May 3, 2022
Sher Hawkins with the new Calgary Cancer Centre behind her. “I’ve watched and participated first-hand in building this new world-class cancer centre,” she says. “Now when I look at this big, beautiful building, I see me. I see my journey. I see all of us survivors.” Photo by Leah Hennel.
Story by Jennifer Green | Photo by Leah Hennel
CALGARY — For years, Sher Harkins had a little voice in the back of her head wondering not “if” — but “when” — she would get cancer. She’s no stranger to cancer and has lost many loved ones, including both her parents (dad in 1995, mom in 2017).
In April 2018, Harkins had just started her new job as an electrical material purchaser for the new Calgary Cancer Centre, when her doctor called to say: “We found cancer”.
“Those words go through you, and it echoes. It really is like something out of a movie. I sat there, stunned. I cried a little.”
As she put the date of her oncologist appointment in her calendar, she told herself: “I guess I have a fight ahead of me.”
Ultimately, that appointment led to a journey of treatments which included five rounds of weekly chemo, 25 consecutive days of radiation, followed by three weekly doses of brachytherapy (a type of internal radiation therapy in which seeds, ribbons or capsules that contain a radiation source are placed in your body, in or near a tumour).
Harkins says she felt incredibly grateful to work at the new Calgary Cancer Centre construction site during this difficult time. “Could I be in a better place to do all this? I mean really. How blessed am I? I work right here. It was spring, the sun was shining, birds were singing — and I am right here. So, I dug my heels in and went about kicking cancer’s butt!”
She worked every day through most of her treatments, and also walked a quick-paced 10 minutes over to the Tom Baker Cancer Centre.
“Admittedly, some days, I walked slower and the pep in my step wasn’t what it started off at. In the end, I couldn’t work for the final three weeks for my brachytherapy. It took just too much out of me,” she says.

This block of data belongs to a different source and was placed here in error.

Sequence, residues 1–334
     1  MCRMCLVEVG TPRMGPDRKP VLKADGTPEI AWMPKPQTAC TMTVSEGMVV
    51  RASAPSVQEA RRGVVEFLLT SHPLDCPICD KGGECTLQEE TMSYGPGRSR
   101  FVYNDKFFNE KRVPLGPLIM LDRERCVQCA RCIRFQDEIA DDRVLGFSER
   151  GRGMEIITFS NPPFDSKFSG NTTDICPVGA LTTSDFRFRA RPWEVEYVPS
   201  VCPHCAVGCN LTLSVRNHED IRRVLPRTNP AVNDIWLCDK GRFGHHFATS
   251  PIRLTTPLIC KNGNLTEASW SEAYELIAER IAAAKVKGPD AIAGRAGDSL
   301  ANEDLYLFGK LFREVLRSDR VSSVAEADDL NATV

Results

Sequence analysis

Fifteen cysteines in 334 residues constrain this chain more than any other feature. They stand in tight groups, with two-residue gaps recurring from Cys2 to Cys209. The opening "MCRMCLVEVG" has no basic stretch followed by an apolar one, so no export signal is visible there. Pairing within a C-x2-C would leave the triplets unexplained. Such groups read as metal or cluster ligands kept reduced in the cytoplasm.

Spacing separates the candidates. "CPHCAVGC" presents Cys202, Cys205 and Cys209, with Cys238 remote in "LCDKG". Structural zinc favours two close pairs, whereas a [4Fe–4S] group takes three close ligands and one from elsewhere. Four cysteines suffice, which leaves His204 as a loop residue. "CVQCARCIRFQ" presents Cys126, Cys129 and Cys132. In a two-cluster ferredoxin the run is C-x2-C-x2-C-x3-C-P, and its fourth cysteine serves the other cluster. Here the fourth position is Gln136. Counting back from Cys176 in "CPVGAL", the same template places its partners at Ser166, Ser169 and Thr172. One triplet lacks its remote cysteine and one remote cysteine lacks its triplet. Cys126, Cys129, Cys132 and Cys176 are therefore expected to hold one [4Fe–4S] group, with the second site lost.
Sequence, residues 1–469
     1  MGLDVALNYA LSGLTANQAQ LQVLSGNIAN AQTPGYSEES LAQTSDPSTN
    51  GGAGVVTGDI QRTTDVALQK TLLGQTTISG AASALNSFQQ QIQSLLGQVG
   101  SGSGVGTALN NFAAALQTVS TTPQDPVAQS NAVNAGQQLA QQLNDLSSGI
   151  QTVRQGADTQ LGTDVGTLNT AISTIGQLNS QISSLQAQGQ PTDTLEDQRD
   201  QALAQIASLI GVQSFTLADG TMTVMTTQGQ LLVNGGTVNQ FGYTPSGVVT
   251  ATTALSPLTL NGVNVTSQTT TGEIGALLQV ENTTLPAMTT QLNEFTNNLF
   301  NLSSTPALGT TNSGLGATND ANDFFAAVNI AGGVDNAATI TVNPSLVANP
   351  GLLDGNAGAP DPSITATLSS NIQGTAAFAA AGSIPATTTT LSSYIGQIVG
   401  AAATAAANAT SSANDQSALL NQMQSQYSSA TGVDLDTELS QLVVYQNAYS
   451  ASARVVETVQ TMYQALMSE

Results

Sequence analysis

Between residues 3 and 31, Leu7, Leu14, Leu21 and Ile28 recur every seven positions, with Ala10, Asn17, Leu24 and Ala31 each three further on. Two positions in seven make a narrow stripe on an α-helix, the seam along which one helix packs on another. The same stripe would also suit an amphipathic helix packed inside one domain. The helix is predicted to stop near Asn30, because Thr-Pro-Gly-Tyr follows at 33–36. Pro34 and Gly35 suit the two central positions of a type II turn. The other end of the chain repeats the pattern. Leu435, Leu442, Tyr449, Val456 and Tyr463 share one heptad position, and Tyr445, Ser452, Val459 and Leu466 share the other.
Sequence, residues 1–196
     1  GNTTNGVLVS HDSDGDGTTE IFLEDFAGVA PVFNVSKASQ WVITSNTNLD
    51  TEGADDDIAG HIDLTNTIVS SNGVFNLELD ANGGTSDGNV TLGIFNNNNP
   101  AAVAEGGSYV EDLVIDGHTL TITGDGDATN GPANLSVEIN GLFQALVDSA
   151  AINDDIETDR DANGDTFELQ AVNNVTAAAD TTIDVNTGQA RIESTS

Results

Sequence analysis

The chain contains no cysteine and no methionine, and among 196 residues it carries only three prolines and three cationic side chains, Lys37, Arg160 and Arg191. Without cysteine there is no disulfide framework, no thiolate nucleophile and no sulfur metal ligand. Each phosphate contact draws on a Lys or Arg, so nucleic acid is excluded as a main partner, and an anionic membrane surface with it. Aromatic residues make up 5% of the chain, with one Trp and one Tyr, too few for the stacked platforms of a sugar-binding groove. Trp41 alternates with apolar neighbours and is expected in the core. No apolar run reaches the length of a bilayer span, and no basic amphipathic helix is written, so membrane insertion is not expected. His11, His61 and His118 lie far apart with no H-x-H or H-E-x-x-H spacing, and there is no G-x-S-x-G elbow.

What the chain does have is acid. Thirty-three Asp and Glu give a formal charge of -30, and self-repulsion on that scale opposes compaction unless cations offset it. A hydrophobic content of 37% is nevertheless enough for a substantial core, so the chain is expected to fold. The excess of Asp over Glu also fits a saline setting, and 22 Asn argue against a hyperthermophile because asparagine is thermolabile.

“I didn’t tell a lot of people at work what was going on, but the people who did know told me that if they didn’t know I had cancer, they would have had no idea. I took that as a great compliment to my strength and tenacity.”
Harkins takes pride in her role in the cancer centre, taking every opportunity to share with her doctors, nurses, and radiologists that she was purchasing all the electrical material for the new building. In the face of months of treatments, her passion as a purchaser remained strong.
“I’ve watched and participated first-hand in building this new world-class cancer centre. Now when I look at this big, beautiful building, I see me. I see my journey. I see all of us survivors.
“I see all the construction workers who came to work every single day, rain or shine, freezing cold, extreme heat, the smoky summers and through COVID-19. They are showing up every day and getting it done, for all of us.
Harkins adds: “I know that if I am ever a patient in the Calgary Cancer Centre, I’ll be in the best place, with the best people, receiving the best care.”
The Calgary Cancer Centre remains on time and on budget. It is set to open to the public in 2023.